January 12, 2007


Caption: These guys look a little devilish. And not very gentlemanly.

El Cabrero is a little out of it these days and is trying to lick his post-surgical wounds, but, as usual, can't reach them.

"Thanks!" to all who sent kind words and wishes.

I have discovered that here's nothing like a good book to get you through times like these. By luck I stumbled on to one which I will pass on today in lieu of snarky comments on the state of the world.

(Except maybe for this brief one regarding the President's "new" Iraq plan: the consistency of the flow of bad ideas over the last 6 years is amazing to me and seems to violate my very limited understanding of the laws of probability.)

The book in question is The Devil is a Gentleman: Exploring America's Religious Fringe by J. C. Hallman.

The title caught my eye but the format clinched the deal. In addition to describing his experiences among Druids, Wiccans, Christian pro wrestlers, Scientologists, Satanists, UFO cultists, etc., the book dwells at length on the life and work of one of Goat Rope's patron saints, philosopher and psychologist William James (1842-1910) exponent of pragmatism and author of the classic Varieties of Religious Experience.

El Cabrero is all about pragmatism.

The book alternates contemporary experiences outside the religious mainstream with sections dealing with James' life and thought and the combination works well.

Speaking of animals, which we weren't, there's even a section on the dog-training monks of New Skete.

James, by the way, has a famous passage that compares the role of humans in the cosmos to that of the animals in our homes:

I firmly disbelieve, myself, that our human experience is the highest form of experience extant in the universe. I believe rather that we stand in much the same relation to the whole of the universe as our canine and feline pets do to the whole of human life. They inhabit our drawing-rooms and libraries. They take part in scenes of whose significance they have no inkling. They are merely tangent to the curves of history the beginnings and ends and forms of which pass wholly beyond their ken. So we are tangent to the wider life of things. But, just as many of the dog's and cat's ideals coincide with our ideals, and the dogs and cats have daily living proof of the fact, so we may well believe, on the proofs that religious experience affords, that higher powers exist and are at work to save the world on ideal lines similar to our own.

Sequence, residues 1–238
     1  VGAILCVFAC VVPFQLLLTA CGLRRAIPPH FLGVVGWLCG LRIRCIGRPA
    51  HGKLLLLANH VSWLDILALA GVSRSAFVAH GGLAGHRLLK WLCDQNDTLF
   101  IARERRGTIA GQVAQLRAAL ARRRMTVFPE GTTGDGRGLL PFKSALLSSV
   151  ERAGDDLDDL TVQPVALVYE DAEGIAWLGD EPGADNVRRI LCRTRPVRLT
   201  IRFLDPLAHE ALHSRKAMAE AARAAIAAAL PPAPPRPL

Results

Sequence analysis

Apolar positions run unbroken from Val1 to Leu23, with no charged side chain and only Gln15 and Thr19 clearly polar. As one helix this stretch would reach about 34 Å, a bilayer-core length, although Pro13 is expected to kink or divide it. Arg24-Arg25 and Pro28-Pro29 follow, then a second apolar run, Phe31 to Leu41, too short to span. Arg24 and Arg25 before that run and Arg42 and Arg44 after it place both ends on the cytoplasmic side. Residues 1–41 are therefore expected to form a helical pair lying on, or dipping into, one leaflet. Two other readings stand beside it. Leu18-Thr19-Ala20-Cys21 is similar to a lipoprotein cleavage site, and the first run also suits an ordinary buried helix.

To my knowledge, he makes no similar comments on goats and peacocks...


January 11, 2007


Caption: This man has been framed.

There's been a lot of talk the last few years about the importance of "framing" issues so that progressive messages get across. You could even say that this has become a micro-industry in some circles.

There is a lot of research that indicates that the how of communication is as important as--sometimes more important than--the what. And no one would dispute the importance of skilled messaging and
media work.

Also, some of the message styles or frames that advocacy groups use have been demonstrated to be counterproductive. Some examples:

*framing something as a crisis sends the unintentional message that nothing can be done;

*trotting out poor people for media stories often makes viewers or readers think more in terms of the personal worthiness of the people depicted than about what is happening to them. At best, it often makes people think in terms of charity, not change;

*burying the reader or viewer with wonky statistics can lose an audience where good use of metaphors and "social math," which graphically depicts a situation, can help get a message across.

So far, so good.